The Thirty-Second Chart (Spurts)

March 16, 2012

By Ekta R. Garg

Enjoy these fun Spurts from the last couple of weeks, readers!

During the weekend the girls and I were coloring.  I’ve long been a fan of coloring.  As a college freshman, my university-assigned roommate and I didn’t have much in common but one thing we could do together was color.  We actually bought coloring books and crayons that we would use as we watched TV together.  We discovered that coloring had something of a therapeutic effect on both of us.

To this day I still enjoy coloring, and on Sunday the girls and I had each chosen our preferred coloring books.  I worked on a picture of Minnie Mouse surrounded by flowers and butterflies, and I worked to make the picture look as realistic as possible.  Five and Three stopped working on their own pictures for a few minutes and began discussing my picture, offering comments and suggestions.

I had just begun working on Minnie’s face and colored her face with a peach color to make it look more realistic.  As I worked close to her eyes, I did my best not to get the crayon into the whites.

“Don’t color her eyes otherwise she won’t be able to see,” Three instructed me.

I nodded my head, making sure not to render Minnie blind by my coloring.


When I pick Three up from school, she’s ready to get home so she can eat her lunch and get to her nap.  Often I’m on the phone with my mom as I drive—it’s usually the only time in the day when I can touch base with my own mother and update her on our lives here in SLC, and I always talk hands-free via my Bluetooth when I’m driving—so I’ll turn on the radio, and Three will sit quietly in her seat, listen to the music, and watch the world roll by.

Three looks so intently out the window that I thought she didn’t really pay attention to what’s on the radio.  Until the other day when I walked from one bedroom to the other putting away clean laundry and I heard a little voice follow me into our room and start singing, “I’m only going to break, break  your, break, break your heart.  I’m only going to break, break your, break, break your heart.”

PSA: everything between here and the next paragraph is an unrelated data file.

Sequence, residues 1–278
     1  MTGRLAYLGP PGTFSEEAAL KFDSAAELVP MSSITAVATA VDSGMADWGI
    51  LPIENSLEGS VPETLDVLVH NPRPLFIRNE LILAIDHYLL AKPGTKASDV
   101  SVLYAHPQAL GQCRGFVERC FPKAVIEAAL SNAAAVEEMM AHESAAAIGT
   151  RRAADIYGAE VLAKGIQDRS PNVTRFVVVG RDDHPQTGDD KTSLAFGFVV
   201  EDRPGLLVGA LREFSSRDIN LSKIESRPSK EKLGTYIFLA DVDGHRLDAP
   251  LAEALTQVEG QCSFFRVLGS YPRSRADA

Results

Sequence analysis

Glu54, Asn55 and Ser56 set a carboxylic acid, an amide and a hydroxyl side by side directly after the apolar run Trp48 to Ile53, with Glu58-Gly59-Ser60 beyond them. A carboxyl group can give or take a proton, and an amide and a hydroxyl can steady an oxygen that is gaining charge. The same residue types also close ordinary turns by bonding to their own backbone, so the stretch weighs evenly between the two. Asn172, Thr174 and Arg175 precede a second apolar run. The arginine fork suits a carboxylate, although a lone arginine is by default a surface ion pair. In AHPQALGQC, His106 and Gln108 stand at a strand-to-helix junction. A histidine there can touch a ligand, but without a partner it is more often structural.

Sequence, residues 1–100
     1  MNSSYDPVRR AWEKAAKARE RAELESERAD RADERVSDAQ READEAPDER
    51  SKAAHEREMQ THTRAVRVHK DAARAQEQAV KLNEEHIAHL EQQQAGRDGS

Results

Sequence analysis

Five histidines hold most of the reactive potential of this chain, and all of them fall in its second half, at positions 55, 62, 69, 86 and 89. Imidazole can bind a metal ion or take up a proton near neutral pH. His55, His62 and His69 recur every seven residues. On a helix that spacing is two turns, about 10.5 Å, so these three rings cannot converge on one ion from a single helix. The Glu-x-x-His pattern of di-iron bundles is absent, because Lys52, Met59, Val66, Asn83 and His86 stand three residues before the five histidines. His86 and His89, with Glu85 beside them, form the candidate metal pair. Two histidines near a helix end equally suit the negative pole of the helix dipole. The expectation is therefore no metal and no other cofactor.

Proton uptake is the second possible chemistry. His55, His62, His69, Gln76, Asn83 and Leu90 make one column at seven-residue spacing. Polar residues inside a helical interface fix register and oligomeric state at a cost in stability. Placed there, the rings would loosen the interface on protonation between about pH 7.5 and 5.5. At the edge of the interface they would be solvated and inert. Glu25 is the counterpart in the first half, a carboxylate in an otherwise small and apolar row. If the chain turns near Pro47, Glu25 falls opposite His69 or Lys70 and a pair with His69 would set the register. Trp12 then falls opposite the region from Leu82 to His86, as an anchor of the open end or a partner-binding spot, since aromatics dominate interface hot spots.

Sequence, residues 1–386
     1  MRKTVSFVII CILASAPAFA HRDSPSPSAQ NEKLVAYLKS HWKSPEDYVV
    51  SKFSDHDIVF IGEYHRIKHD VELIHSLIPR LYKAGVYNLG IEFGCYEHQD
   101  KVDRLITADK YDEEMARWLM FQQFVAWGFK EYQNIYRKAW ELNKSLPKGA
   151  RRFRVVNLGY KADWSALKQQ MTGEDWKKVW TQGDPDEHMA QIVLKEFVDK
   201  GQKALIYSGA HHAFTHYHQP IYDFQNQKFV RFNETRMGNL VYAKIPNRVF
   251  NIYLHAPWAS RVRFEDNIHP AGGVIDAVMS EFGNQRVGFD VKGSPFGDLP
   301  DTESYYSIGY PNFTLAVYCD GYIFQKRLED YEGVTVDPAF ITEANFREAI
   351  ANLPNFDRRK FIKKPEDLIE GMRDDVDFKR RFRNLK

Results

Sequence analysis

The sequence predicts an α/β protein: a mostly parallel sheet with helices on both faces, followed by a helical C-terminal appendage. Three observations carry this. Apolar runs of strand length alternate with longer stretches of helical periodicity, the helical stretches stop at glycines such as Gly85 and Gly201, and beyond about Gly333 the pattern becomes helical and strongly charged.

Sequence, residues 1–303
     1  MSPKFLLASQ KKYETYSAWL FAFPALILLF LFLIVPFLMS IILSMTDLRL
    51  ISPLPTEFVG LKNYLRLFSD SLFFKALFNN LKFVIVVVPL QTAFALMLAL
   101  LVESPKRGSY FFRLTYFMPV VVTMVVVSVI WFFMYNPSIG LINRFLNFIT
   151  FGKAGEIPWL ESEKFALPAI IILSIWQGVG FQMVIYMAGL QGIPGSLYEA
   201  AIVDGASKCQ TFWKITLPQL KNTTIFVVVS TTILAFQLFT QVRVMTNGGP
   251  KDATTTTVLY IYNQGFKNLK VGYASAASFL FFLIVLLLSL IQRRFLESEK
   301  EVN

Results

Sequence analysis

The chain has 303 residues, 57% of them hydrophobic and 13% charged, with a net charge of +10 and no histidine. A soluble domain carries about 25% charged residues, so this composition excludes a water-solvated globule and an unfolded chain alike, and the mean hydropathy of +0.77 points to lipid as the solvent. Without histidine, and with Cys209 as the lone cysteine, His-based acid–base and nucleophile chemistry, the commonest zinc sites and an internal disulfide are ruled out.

Some kids repeat nursery rhymes.  My daughter channels Taio Cruz.  Yes, this girl is definitely Harvard material.


On Wednesday Five and Three had their second visit to the dentist for a standard cleaning.  Five had anticipated the dentist’s visit with excitement since the weekend when I told both girls they would be getting their teeth cleaned.  Three followed her sister’s example by exuding enthusiasm, but when the hygienist actually had her in the chair she got very quiet and I knew she needed some moral support.  I held her hand and squeezed it occasionally as the hygienist worked on her teeth, so I couldn’t sit next to Five as she got her own teeth cleaned.  Consequently I almost missed Five’s hygienist say, “You’ve got a loose tooth.”

A loose tooth?  Are we there already?  I’ve been teasing Five relentlessly about the fact that when her birthday comes this summer she won’t be allowed to turn six.  We’ve joked about it back and forth, and she has tried to reassure me that as much as I’d like her to stay five she absolutely has to turn six.  There’s no stopping it.  Her favorite line these days is, “I have a million birthdays.”

I can’t help but smile at the optimism of her youth, and when she states this with such confidence I look heavenward and wish her a long, healthy, happy life.

And I guess conceptually I knew she would get older.  Kids, I’ve discovered, have this tendency to grow up when we’re not looking.  We spend all day every day with them and deal with the small moments of sibling conflict and lost toys and cold season, and we can forget that those moments represent the passage of time.  And just like that we’re standing at a juncture where we have our first loose tooth.

I’ve often observed that when a child loses his or her teeth, the shape of the face changes and the child starts to look older.  So not only do I have to deal with Five losing teeth, now I have to face the fact that my child will start looking different in the coming year or two.  And eventually she’ll no longer be a little girl.

Maybe I need to rethink these trips to the dentist.

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